Wednesday, November 19, 2008

Citizens' Police Academy: Firearms Tracking Unit

By Annette Dashofy
(With special thanks to Detective Jill Smallwood-Rustin of the Pittsburgh Bureau of Police Firearms Tracking Unit for her assistance with this post.)

The new class of Pittsburgh’s Citizens’ Police Academy is in session and I dropped in to pick up a segment that wasn’t offered last time. Detective Jill Rustin spoke about the Firearms Tracking Unit.

In Pittsburgh at the time of her presentation, the Pittsburgh Police were investigating 69 homicides. Of those, fifty-five are gun related, mind you this number can change on any given day at any given hour

While we may assume that the criminals on our streets are attaining their weapons from gun traffickers, the stunning fact is that the vast majority of confiscated weapons are traced back to local owners from the City of Pittsburgh and on a larger scale from Allegheny County. Most of these owners failed to handle their guns responsibly by keeping them secure and then report their guns lost or stolen when they discovered this fact.

Perhaps a family member steals a gun. The parent doesn’t want their child to be identified or possibly arrested so they don’t report the theft. Many of the guns stolen from within a household are kept in private locations that only a family member or loved one would know about.

Often, a burglar will break into a house looking for money, jewelry, or small electronics but, stumbles across a gun, it's like hitting a Jackpot! They may or may not keep the gun for themselves or they will trade or sell it for money or drugs.

Detective Rustin told of one woman who moved from Pittsburgh to a new home near Seven Springs. A confiscated gun was traced to her. When located, she said she simply had to "get out of there" so she moved, left her old home AND two firearms which belonged to her, with no regard for where they might end up.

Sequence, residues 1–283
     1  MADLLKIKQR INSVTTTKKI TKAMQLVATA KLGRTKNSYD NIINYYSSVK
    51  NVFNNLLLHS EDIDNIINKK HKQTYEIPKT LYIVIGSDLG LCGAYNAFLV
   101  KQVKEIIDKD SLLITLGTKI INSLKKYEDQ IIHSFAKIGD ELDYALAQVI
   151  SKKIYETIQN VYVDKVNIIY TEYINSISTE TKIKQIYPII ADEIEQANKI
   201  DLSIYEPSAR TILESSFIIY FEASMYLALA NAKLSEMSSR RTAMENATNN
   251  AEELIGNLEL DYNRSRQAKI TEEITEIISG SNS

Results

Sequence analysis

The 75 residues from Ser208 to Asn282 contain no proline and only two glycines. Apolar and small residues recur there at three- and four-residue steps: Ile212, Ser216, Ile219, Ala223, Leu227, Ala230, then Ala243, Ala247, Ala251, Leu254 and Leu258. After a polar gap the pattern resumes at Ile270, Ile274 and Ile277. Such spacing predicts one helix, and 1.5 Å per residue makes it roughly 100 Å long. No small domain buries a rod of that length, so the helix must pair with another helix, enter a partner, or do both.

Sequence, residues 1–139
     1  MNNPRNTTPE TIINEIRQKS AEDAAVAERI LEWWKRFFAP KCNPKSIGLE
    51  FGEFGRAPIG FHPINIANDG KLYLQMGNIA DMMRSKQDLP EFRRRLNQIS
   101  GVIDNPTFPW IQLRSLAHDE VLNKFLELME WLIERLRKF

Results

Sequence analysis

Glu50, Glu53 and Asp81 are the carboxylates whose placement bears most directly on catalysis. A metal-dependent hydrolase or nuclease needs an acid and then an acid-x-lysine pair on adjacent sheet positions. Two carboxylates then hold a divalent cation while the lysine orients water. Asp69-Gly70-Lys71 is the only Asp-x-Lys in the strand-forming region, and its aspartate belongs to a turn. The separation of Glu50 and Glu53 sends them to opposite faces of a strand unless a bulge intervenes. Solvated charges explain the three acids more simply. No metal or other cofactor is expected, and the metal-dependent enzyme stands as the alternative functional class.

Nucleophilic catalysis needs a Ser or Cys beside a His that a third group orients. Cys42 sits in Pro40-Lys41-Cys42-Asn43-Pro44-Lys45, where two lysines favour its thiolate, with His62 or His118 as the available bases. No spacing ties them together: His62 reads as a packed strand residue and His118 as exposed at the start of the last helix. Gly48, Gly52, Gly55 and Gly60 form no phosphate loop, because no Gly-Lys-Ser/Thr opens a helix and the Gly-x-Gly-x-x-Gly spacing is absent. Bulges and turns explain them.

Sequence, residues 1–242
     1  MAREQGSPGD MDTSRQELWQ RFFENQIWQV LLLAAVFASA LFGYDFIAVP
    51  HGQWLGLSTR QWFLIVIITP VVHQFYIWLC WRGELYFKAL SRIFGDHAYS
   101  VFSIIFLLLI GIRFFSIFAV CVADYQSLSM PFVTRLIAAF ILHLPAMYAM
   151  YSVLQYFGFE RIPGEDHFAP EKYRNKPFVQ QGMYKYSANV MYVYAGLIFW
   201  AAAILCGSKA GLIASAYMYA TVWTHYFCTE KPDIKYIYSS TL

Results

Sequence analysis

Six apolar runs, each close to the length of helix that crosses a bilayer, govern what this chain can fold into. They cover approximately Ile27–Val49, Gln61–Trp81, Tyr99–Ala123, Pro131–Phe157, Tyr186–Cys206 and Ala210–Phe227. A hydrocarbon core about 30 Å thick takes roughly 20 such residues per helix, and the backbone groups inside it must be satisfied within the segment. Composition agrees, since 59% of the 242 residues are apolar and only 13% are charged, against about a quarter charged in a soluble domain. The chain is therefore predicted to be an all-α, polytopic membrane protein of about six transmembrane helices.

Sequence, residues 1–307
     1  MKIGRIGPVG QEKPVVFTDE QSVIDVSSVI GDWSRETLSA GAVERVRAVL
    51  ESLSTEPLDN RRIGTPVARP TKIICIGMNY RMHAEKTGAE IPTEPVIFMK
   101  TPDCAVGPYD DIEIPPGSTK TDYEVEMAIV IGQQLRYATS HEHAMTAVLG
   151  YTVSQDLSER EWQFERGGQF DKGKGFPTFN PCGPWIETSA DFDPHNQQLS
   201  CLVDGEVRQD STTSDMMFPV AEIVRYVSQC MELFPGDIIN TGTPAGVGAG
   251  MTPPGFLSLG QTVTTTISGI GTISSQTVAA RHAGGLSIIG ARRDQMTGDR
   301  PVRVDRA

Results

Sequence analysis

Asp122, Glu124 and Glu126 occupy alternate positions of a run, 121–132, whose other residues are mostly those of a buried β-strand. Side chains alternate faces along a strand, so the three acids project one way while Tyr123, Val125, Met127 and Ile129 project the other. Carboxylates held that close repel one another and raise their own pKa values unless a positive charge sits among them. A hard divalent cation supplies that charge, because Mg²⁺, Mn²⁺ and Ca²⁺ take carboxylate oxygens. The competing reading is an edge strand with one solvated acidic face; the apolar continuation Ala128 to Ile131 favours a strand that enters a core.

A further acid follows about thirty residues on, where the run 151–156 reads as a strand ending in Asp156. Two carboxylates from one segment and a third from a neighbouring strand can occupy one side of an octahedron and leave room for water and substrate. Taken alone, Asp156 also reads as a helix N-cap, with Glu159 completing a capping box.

Currently, there is no law in the Commonwealth of PA requiring citizens to report lost or stolen firearms to the police. As a result, only about 10 percent are reported to the Pittsburgh Police Department. Members of our local city council are introducing local legislation to address that very problem and will do so at post agenda meeting on Tuesday, November 18, 2008.

Which leads to the subject of straw purchasers. This is when one person buys a gun for someone else, concealing the identity of the true purchaser or possessor of the firearm. Straw purchasing is a common method for felons to attain weapons. The purchaser walks into a federally licensed firearms dealer and passes the background check before paying for a gun that will not remain with the purchaser. This is a felony violation for both the straw purchaser and the ultimate possessor.

During a slide show, Detective Rustin offered photographic evidence of the damage bullets can do to the human body. One slide showed a residential street where close to 20 casings were scattered about from a reckless person(s). And it’s about more than lives lost. Lives are changed forever. The detective told of a 14 year old girl who was shot and paralyzed at a church carnival. Not only will she never walk again, but she and her family have been forced to move from their multi-level home with its narrow doorways and hallways. The entire family’s quality of life has been forever altered.

Want some disturbing statistics? For the Pittsburgh Police in 2007, 66 of those arrested for gun violations were 16 years of age and under. Two hundred eighty two arrestees were 17 to 24 years old. In the 25 to 34 age range, there were 156 arrests made. And 104 arrests of those over 35.